“I Would Still Plant My Apple Tree”- Thoughts on Recovery & Relapse


While working at Hope Place, a women’s recovery program, I had the chance to see God do amazing and wonderful works in people. I also saw the very vulnerable place of weakness that some of these women found themselves in after a relapse in their recovery process, and these were some thoughts that came out of those experiences. 

I remember the first time I saw someone whom I had served relapse. I was seventeen and volunteering at a local crisis pregnancy center.She was a beautiful mother whom I had invested in, and seen so many others invest in, but she caught us off guard when she entered a season of moral weakness. Through a series of heartbreaking events in her life, it seemed like all of our hard work and tender love was to no avail. Why would she make the choices she did? Why does every wrong decision seem to lead to a downward spiral of unfortunate events?

You’ve seen it happen, you’ve experienced the sinking feeling when someone you’ve hoped and dreamed for has disappointed you in some way. Parents of children who have made significant moral indiscretions feel this in probably the deepest way, and doesn’t it hurt? When you watch their dreams fade away and know that they have disappointed themselves and those who care about them.

In spite of “success stories” and marked improvement, every guest we serve is still human with weaknesses and temptations that threaten to derail them at every turn. Many times they are victims, but also many times they do this to themselves by the choices they make, and doesn’t it take the wind right out of our sails when we see someone choose their own destruction? It’s not about pointing fingers or placing blame, that’s not my goal, but these are the realities of some of the situations I’ve seen.
When working in leading people to recovery, relapse is something that will always be a part of it. As frustrating as it is and as much as we hope and pray against it, it is a reality we see most every day. This is not a guide for how to prevent relapse, or even how to cope with it, because I am not a professional and these are just thoughts from my own experience.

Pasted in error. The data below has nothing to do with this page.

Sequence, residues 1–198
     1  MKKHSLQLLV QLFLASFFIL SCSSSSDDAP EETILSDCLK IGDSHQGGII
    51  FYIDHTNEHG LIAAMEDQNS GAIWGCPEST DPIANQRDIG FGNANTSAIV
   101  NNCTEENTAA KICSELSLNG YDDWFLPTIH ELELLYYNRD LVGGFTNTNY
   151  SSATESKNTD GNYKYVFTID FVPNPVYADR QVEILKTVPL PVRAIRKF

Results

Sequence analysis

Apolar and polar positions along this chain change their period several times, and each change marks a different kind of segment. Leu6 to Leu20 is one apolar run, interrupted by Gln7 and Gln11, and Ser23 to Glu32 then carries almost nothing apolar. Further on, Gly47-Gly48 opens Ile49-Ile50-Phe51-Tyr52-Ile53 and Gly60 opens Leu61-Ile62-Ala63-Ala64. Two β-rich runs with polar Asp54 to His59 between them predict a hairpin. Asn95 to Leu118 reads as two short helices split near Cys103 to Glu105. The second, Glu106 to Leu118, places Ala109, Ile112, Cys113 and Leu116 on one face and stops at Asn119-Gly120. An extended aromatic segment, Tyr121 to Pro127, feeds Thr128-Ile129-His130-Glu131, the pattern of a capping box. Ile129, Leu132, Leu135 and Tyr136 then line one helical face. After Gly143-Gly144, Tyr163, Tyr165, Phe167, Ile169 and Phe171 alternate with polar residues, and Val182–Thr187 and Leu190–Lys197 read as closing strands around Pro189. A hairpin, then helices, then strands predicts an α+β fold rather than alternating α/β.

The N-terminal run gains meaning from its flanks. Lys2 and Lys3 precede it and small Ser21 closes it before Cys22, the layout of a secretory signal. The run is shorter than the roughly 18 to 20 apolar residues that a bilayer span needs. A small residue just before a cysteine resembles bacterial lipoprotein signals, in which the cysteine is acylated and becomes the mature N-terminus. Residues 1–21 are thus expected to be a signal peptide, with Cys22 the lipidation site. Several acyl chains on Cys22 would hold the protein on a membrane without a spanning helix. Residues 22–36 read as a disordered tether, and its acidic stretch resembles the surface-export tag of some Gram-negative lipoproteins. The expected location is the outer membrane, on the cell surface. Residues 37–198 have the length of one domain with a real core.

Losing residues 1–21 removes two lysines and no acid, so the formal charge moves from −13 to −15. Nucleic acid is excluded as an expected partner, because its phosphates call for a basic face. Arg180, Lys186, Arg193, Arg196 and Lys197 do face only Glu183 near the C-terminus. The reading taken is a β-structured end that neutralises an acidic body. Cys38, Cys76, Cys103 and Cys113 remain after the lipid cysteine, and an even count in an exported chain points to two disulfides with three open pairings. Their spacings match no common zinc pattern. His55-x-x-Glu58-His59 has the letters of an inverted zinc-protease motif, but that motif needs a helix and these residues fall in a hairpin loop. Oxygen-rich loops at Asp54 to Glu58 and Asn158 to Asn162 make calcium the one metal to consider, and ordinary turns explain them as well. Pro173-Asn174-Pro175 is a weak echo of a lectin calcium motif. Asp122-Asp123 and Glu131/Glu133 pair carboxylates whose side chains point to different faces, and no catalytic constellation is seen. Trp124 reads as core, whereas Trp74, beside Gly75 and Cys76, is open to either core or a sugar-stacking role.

Personally though, I’ve stopped counting the relapses. I don’t really care how many times someone makes a mistake, because each person’s story is different and I truly believe that some day they will realize the hope and life that lies on the other side of their addiction. This is not to minimize the pain of relapse, or to diminish the significance of it, but rather to acknowledge that this happens, and then offer a way of seeing the hope that lies ahead.
Think about the stories you’ve heard and the people you know who have been through recovery, and they will most likely tell you that they were shown the right way time and time again, but it took several times for it to sink in. They had grasped for it but lost sight of it and gone back to their previous life, and then found hope again and then lost it again, and so forth. Each time, a seed was planted and their heart was a little more prepared for the day when they would pursue recovery. Each time they learned something new of grace, and learned what it was to be loved and cared for. After a lifetime of living in hurt, pain, fear and emptiness it takes a while to trust what is good and commit yourself to it.
Our job is to provide a safe place for them to choose restoration, and it is a choice. They must want it for themselves, and want it deeply, because the road of recovery is much too difficult for someone who doesn’t have their own desire for healing to motivate them on the way. We’ll be here for them when they are ready, and we’ll still be here when they’ve come and relapsed and then come back again. We’re here because Jesus was, time and time again, giving us grace upon grace upon grace. People need each other, and recovery is not a solitary road.
This rhythm of love and grace can be heartbreaking, but I have seen people blossom under the Lord’s love.
Are you struggling to love someone who seems to have blown it and thrown away their chance? Keep loving them. Give them another chance, and another. Choose to give your love even if you can’t forsee it being returned. After all, isn’t that what Christ has done for us?

I agree with what Martin Luther said:

“Even if I knew that tomorrow the world would go to pieces, I would still plant my apple tree.” 

To me this means that even if I knew that tomorrow someone I love would make a mistake that would derail them, I would still choose to love them! In fact, I would love them even more earnestly, more deeply, more urgently. A mistake is not the end of the road, a mistake is a bump in the road. Perhaps it is major, heart wrenching, and nearly fatal mistake, but it is NOT THE END.
Remember this truth:
“For I am confident of this very thing, that He who began a good work in you will perfect it until the day of Christ Jesus. ” Phillipians 1:6

He is faithful.

Note: I try my best to acknowledge the real pain while at the same time offering hope. I am still learning, and these are just the workings out of my thoughts. If you have any thoughts, push back, or disagreements I am absolutely open to discussion! 




2 thoughts on ““I Would Still Plant My Apple Tree”- Thoughts on Recovery & Relapse

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